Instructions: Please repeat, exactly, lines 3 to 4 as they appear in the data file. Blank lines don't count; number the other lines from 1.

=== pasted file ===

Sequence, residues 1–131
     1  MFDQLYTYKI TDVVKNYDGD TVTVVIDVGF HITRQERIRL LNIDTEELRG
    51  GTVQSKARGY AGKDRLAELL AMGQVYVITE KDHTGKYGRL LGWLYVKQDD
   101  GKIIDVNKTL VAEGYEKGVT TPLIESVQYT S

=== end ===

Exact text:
    51  GTVQSKARGY AGKDRLAELL AMGQVYVITE KDHTGKYGRL LGWLYVKQDD
   101  GKIIDVNKTL VAEGYEKGVT TPLIESVQYT S